The attorney-client privilege affords confidentiality to communications among clients and their attorneys, for the purpose of seeking and rendering an opinion on law or legal services, or assistance in some legal proceeding, so long as the communications were intended to be, and were in fact, kept confidential. See United States v. Int'l Bhd. of Teamsters, 119 F.3d 210, 214 (2d Cir. 1997); United States v. Doe (In re Six Grand Jury Witnesses), 979 F.2d 939, 943 (2d Cir. 1992);John Doe Corp. v. United States (In re John Doe Corp.), 675 F.2d 482, 487-88 (2d Cir. 1982); Bank Brussels Lambert v. Credit Lyonnais (Suisse) S.A., 160 F.R.D. 437, 441 (S.D.N.Y. 1995) (citing United States v. United Shoe Mach. Corp., 89 F. Supp. 357, 358-59 (D. Mass. 1950)). The privilege is among the oldest of the common law privileges and "exists for the purpose of encouraging full and truthful communication between an attorney and his client." In re von Bulow, 828 F.2d 94, 100 (2d Cir. 1987); accord United States v. Bilzerian, 926 F.2d 1285, 1292 (2d Cir. 1991). However, because the privilege "stands as an obstacle of sorts to the search for truth," it must be applied "only to the extent necessary to achieve its underlying goals." XYZ Corp. v. United States (In re Keeper of the Records), 348 F.3d 16, 22 (1st Cir. 2003); see also Salomon Bros. Treasury Litig. v. Steinhardt Partners (In re Steinhardt Partners), 9 F.3d 230, 235 (2d Cir. 1993) (finding that the privilege does not apply in situations where the client's conduct does not serve to "improve the attorney-client relationship") (quoting Permian Corp. v. United States, 665 F.2d 1214, 1221 (D.C. Cir. 1981)). Furthermore, "the burden of establishing the existence of an attorney-client privilege, in all of its elements, rests with the party asserting it." United States v. Doe (In re Grand Jury Proceedings), 219 F.3d 175, 182 (2d Cir. 2000) (quoting Int'l Bhd. of Teamsters, 119 F.3d at 214).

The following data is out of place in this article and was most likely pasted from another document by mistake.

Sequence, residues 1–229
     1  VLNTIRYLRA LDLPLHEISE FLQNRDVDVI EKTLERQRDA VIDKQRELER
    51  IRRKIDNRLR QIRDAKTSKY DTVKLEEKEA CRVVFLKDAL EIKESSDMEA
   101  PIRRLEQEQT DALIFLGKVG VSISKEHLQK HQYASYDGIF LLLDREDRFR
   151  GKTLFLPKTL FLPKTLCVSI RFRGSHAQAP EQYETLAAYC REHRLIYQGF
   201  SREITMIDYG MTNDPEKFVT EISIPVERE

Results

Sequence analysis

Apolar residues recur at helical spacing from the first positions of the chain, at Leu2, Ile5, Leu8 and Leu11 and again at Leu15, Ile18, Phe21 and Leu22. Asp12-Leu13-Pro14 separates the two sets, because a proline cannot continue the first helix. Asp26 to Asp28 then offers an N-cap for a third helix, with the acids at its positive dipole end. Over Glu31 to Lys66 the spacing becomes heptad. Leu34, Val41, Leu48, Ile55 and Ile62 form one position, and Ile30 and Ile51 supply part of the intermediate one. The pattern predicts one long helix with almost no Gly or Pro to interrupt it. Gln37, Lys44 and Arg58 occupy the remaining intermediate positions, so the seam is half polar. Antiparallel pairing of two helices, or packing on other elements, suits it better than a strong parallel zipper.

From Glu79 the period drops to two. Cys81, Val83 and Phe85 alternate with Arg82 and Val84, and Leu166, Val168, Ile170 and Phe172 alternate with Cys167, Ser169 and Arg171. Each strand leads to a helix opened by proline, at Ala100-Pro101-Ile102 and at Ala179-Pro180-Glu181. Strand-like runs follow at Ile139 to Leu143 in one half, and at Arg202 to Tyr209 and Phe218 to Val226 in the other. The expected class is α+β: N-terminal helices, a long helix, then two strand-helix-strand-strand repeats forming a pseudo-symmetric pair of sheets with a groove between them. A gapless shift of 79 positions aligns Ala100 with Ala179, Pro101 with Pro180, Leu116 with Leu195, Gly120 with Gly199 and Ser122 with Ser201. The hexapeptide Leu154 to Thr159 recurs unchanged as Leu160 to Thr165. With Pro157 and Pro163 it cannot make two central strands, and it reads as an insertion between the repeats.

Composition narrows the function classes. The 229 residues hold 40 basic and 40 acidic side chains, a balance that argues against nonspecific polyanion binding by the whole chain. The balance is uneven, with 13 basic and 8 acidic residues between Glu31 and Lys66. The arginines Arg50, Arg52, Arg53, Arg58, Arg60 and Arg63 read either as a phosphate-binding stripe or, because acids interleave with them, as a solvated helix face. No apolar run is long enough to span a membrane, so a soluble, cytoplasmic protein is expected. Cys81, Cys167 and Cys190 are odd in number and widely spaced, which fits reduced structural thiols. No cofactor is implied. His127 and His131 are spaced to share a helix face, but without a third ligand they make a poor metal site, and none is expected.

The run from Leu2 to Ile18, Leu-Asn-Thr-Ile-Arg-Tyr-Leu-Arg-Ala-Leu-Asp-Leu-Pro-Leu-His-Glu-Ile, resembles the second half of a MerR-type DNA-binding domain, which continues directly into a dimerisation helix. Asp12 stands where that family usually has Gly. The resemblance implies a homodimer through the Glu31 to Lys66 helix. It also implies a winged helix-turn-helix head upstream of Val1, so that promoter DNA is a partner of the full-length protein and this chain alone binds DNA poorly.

The attorney-client privilege is waived if the holder of the privilege voluntarily discloses or consents to disclosure of any significant part of the communication to a third party or stranger to the attorney-client relationship. See In re Grand Jury Proceedings, No. M-11-189 (LAP), 2001 WL 1167497, at *7 (S.D.N.Y. Oct. 3, 2001); In re Kidder Peabody Sec. Litig., 168 F.R.D. 459, 468 (S.D.N.Y. 1996). A party which seeks to uphold the privilege must take affirmative measures to maintain the confidentiality of attorney-client communications. See In re Steinhardt Partners, 9 F.3d at 235; In re von Bulow, 828 F.2d at 100; In re Horowitz, 482 F.2d 72, 82 (2d Cir. 1973). Furthermore, a party cannot waive the privilege selectively; voluntary disclosure in one case waives the privilege with respect to the disclosed communications in all subsequent cases.See In re Steinhardt Partners, 9 F.3d at 235; Bowne of N.Y. City, Inc. v. AmBase Corp., 150 F.R.D. 465, 478-80 (S.D.N.Y. 1993).

II. Application to Facts of this Case

The Court will assume, for purposes of this discussion, that each of the Documents in issue is actually a privileged attorney-client communication. The question, then, is whether that privilege was waived when the Respondents produced the Documents in the course of prior litigation or when they were produced "inadvertently" in this action.

Plaintiff contends that it has disputed the privileged designation of some of the documents on Defendants' privilege log, but it has reserved briefing that issue until the issue of general waiver has been decided.

A. Voluntariness of the Prior Production of the Documents